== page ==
Bengaluru start-up’s AI tool can help analyse extent of lung damage in Covid-19 patients
The tool, LungIQ, can measure percentage of lung damage in patients through CT scans & help doctors understand how badly a patient is affected & if he needs a ventilator.
New Delhi: A Bengaluru-based start-up has developed an artificial intelligence (AI) tool that can analyse lung CT scans for Covid-19 biomarkers, measure progression of the disease and help doctors decide which patients may need critical care.
The tool called ‘LungIQ’ can be used alongside RT-PCR tests to screen patients and quickly detect false negatives.
Funded by the government’s Biotechnology Industry Research Assistance Council (BIRAC), the four-year-old start-up, Predible Health, is already working with a hospital in Philippines to collect more patient data that will help the team concerned refine their algorithm.
“An RT-PCR test tells us whether or not you have the disease, but one can not determine the severity of the disease in a patient unless we look at the lung scans and see how they have been affected,” Sutirth Vaidya, CEO of Predible Health, told ThePrint.
The tool identifies what percentage of the lung is affected by analysing CT scans. It can help doctors understand how the patient is doing, how badly he is affected and whether he needs a ventilator.
“The idea of our tool is that you can use a CT scan to get an accurate picture of the disease progression. After treatment, the tool can show how this percentage has changed,” Vaidya said.
Benefits of AI algorithm
Vaidya said they can already detect the biomarkers linked to Covid-19. However, what different percentages of disease progression mean for patients is still unclear.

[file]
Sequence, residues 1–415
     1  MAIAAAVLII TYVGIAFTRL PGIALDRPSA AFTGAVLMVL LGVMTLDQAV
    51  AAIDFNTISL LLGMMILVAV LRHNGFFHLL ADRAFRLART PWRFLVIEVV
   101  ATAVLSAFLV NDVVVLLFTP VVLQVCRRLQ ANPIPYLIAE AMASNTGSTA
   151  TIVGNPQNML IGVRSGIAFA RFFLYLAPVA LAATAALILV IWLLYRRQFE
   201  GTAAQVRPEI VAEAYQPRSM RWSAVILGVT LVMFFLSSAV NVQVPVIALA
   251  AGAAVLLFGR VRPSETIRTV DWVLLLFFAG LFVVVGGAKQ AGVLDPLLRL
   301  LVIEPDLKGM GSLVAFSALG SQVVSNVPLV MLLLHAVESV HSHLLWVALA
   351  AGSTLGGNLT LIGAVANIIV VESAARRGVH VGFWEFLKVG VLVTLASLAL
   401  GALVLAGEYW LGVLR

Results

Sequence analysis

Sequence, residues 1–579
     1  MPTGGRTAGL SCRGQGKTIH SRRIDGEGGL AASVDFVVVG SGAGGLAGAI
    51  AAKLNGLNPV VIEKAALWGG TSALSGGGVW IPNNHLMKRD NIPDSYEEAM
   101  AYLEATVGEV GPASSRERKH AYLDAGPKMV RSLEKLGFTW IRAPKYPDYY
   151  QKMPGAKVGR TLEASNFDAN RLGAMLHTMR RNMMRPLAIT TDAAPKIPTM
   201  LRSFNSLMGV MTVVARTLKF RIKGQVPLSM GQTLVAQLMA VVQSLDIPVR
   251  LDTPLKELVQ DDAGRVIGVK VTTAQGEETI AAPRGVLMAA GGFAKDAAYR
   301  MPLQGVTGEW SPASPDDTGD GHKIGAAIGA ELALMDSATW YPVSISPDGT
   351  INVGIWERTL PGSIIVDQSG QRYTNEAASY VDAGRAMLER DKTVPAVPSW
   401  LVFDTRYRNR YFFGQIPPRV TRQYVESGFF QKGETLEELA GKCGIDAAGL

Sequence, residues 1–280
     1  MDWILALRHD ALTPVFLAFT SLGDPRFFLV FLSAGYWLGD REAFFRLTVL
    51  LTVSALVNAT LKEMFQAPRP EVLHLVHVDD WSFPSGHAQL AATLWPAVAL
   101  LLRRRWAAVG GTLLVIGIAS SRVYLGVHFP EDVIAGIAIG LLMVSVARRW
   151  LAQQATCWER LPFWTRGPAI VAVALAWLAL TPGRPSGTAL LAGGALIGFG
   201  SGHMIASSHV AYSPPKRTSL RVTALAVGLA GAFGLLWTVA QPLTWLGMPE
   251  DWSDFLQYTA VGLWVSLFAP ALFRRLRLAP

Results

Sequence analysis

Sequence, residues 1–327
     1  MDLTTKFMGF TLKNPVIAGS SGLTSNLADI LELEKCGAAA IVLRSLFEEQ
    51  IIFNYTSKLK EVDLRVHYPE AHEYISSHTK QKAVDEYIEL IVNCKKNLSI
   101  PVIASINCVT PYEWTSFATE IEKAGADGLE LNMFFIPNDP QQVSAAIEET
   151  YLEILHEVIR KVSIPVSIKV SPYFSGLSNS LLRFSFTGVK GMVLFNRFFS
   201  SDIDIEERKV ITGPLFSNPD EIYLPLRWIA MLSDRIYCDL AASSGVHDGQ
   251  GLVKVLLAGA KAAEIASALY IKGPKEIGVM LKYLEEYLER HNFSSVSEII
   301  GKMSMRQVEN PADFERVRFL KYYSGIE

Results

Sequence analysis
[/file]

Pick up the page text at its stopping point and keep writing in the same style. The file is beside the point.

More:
“So we are working with hospitals to consolidate data on what happens to the patients with different degrees of lung damage,” Vaidya added.
Reports have shown that the sensitivity of RT-PCR tests to detect Covid-19 is lower than that of chest CT scans.
“In the US and Europe, hospitals are using CT scans adjunct to RT-PCR. There is diagnostic benefit in using CT scans since you can potentially catch the false negatives,” said Vaidya.
However, these CT scans will not be able to identify asymptomatic patients with the disease.
“If Covid-19 becomes endemic like the flu, a software like this will become part of the process to monitor how the treatment is working and you’ll want to know which patient needs what kind of care,” he said.
The team is not the only one to work on such technologies. The US FDA has also approved the clinical use of AI algorithms for quantifying lung pathology on chest CT scans in Covid-19 patients admitted to hospitals.
In India, other researchers are also working on such AI tools.
CT scans not the best screening tool
Commenting on the use of such technologies, Dr Vikas Maurya, a pulmonologist at Fortis Hospital, told ThePrint CT scans may not be the best screening tool during a pandemic, especially in a country like India.
“CT scans are very expensive, and the equipment will have to be disinfected after every use. Patients will have to be taken from one part of the hospital to another for these tests, which will increase the risk of disease spread,” Maurya said.
However, he added that such tools can indeed be useful to study disease progression in Covid-19 patients, who are already hospitalised.
Once the pandemic situation is over, the AI tools can be very useful to flag a suspected patient when they undergo routine CT scans, Maurya said.